Being the most powerful scene, alas, was not a particularly difficult pinnacle to reach this time, as bits of the show dragged on longer than they probably should've. The scenes in the castle were, I suppose, intended to create a sense of atmosphere -- but several of them, particularly the conversation over the feast and the second time through the "greeting" scene, had me glancing at the clock. (The one exception in those two scenes was Hrothgar's line about the doctor "bringing honor to [his] father", which is likely to prove relevant in the doctor's hunt for a name.) Although most of the others worked well enough, I got a sense the whole time that the show was more or less meandering, trying to get 45 minutes out of a 20-minute story. That's not a comfortable feeling.
In terms of acting, I've no real complaints. The regulars were all fine, with Picardo being particularly good (which is no real surprise). As far as the guests go, Michael Keenan was reasonable (though not great) as Hrothgar; Christopher Neame (Unferth) was good, though I kept comparing the performance to Neame's role in B5's "And the Sky Full of Stars", where he was phenomenal; and Marjorie Monaghan was terrific. Freya's conversation with the doctor about "being alone in a crowd", despite being a somewhat forced love scene, worked extremely well, perhaps _because_ the doctor is still so innocent that it's somewhat believable.
That's about it. So, some short takes:
-- I liked the fact that Paris's "I'll give you a hand" was *not* milked for laughs, given that he'd just literally given the doctor one. One brief glance at the new hand was all that was required.
-- The funniest moment in the hour, however, wasn't in the show itself at all. At the end of an act, when everyone is calling out "Schweitzer's" name, Lisa turned to me and said, tongue firmly in cheek, "you realize that in Danish, 'Schweitzer' means 'bozo'." It tends to cast the scene in an entirely different light. :-)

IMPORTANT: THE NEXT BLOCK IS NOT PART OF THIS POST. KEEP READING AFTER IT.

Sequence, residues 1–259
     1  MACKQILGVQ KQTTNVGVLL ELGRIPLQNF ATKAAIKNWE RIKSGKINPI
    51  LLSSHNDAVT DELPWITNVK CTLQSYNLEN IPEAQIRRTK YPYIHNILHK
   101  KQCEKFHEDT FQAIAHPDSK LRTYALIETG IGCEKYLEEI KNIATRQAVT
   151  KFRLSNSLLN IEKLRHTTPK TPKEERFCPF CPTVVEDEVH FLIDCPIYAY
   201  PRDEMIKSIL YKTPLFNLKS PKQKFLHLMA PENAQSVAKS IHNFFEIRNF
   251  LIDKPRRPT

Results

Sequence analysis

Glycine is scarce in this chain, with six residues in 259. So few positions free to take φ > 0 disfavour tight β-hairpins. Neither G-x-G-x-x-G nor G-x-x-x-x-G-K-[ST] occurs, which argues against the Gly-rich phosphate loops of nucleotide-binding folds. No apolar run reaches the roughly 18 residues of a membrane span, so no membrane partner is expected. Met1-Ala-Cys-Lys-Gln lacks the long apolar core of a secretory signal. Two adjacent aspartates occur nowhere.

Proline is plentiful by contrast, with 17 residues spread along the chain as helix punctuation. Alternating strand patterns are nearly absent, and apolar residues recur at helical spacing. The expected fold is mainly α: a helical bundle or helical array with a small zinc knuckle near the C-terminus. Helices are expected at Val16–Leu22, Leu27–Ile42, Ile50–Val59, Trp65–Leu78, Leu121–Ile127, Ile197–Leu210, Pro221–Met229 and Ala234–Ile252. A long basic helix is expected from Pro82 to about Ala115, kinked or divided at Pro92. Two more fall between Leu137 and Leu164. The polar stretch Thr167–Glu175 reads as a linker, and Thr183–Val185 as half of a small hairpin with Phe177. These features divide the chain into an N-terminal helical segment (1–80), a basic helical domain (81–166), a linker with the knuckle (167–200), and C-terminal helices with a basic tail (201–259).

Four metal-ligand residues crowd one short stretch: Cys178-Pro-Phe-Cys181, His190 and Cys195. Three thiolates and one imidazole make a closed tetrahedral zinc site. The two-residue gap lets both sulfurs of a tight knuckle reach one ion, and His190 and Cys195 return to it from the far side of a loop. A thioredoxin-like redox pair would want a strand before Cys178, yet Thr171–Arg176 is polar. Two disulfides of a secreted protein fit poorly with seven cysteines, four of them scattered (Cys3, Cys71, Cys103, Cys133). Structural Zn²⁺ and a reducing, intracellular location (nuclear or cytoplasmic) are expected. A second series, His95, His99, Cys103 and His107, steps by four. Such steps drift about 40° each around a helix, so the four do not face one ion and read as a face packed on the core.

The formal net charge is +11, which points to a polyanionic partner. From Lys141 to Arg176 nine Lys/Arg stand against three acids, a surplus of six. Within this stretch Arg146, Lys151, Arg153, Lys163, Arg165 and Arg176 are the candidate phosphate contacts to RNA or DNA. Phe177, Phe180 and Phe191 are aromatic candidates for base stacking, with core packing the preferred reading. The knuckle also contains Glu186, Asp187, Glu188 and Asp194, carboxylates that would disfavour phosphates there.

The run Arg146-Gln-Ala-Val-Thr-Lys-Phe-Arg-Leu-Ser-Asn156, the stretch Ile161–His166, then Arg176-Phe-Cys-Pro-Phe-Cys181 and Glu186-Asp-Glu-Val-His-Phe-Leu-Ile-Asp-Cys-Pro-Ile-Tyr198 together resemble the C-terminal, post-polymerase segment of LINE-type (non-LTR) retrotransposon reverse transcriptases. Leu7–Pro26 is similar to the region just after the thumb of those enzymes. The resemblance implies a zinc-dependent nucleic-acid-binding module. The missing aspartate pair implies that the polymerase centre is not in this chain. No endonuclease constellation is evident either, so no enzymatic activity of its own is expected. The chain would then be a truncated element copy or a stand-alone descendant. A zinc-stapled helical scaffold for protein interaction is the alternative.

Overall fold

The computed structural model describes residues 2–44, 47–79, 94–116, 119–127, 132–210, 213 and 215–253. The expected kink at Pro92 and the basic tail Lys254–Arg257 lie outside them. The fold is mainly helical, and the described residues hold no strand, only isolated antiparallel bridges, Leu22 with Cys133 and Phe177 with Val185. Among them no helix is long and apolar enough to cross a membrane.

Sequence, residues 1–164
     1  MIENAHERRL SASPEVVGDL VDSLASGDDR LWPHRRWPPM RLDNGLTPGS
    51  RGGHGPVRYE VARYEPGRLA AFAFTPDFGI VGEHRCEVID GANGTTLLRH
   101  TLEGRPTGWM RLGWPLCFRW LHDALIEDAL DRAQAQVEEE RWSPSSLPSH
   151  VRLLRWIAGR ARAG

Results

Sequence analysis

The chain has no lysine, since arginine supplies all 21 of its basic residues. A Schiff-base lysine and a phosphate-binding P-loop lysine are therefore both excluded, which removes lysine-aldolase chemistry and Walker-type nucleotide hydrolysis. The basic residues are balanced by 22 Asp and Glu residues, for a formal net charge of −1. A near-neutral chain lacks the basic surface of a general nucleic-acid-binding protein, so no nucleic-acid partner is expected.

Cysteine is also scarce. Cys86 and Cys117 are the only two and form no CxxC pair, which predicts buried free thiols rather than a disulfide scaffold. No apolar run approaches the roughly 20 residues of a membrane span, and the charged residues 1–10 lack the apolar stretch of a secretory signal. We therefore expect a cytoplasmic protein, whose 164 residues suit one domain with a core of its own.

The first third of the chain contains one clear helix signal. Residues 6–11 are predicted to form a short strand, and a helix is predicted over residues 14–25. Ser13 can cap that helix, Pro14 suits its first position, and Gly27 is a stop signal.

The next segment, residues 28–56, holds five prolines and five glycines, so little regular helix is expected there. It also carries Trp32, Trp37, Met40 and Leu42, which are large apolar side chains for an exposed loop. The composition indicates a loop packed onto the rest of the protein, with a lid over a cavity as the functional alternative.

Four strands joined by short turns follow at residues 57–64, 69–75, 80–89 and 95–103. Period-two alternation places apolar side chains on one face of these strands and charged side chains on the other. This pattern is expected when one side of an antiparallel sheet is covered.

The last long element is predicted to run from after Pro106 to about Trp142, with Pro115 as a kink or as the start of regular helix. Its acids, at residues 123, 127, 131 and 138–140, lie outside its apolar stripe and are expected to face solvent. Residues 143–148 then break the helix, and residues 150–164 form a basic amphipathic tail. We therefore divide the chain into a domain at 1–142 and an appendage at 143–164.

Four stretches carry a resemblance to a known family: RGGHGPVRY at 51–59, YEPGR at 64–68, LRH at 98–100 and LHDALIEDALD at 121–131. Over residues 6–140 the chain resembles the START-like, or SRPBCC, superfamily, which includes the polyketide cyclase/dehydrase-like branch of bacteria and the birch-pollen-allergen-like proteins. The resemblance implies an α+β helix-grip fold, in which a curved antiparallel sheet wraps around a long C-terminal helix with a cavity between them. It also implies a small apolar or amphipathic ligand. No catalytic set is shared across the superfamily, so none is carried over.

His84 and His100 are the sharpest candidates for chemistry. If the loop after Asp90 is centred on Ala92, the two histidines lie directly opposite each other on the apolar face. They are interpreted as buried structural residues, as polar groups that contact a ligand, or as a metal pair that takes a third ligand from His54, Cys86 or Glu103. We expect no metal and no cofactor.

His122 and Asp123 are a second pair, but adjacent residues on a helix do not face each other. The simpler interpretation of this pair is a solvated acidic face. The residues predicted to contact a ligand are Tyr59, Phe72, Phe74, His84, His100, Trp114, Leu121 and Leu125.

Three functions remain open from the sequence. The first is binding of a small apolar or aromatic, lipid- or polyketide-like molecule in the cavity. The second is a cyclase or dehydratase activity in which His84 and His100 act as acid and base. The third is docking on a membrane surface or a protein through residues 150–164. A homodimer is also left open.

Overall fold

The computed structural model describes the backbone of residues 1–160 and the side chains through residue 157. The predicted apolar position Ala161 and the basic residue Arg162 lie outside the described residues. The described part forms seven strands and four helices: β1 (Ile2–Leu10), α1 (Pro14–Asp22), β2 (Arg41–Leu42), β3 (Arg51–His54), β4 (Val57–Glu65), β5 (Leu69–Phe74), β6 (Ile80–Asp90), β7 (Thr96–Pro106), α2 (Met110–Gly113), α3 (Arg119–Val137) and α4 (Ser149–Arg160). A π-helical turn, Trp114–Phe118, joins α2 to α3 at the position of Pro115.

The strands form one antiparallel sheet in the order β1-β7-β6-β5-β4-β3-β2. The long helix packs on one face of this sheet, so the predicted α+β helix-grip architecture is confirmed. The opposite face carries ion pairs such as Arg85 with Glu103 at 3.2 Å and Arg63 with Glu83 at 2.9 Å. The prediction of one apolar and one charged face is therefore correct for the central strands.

-- The "track the entity through the ship" scene could have used a little more thought. It's trapped on three sides, but escapes through the fourth? Hmm ... sounds like someone's been thinking in two dimensions rather than three...
-- The one particularly good moment that didn't involve the doctor would have to be Chakotay's and Tuvok's conversation in the castle about demons in mythology. While it seemed a little unconnected to the rest of the show (particularly since Grendel *didn't* symbolize anything in this case), it still worked nicely.
That covers it. The show certainly had some nice character moments, but in general, I found "Heroes and Demons" decidedly ordinary. It was a story we'd seen many times before, and there weren't nearly enough new twists on the tale to make it much beyond a dressed-up rerun. Given things like "Prime Factors" and "State of Flux", I know the series can do better, and it's making things like this episode a little more difficult to be patient with.
So, wrapping up:
OVERALL: Perhaps a 5. Not one of the show's best by any stretch.
NEXT WEEK: Possession.
Tim Lynch (Harvard-Westlake School, Science Dept.) firstname.lastname@example.org "You are truly a man of many talents, Lord Schweitzer. Your people must value you greatly." "You would think so..." Copyright 1995, Timothy W. Lynch. All rights reserved, but feel free to ask... This article is explicitly prohibited from being used in any off-net compilation without due attribution and *express written consent of the author*. Walnut Creek and other CD-ROM distributors, take note.
Hans-Wolfgang Loidl <email@example.com> Last modified: Sat Aug 19 17:15:44 1995 Stardate: [-31]6158.38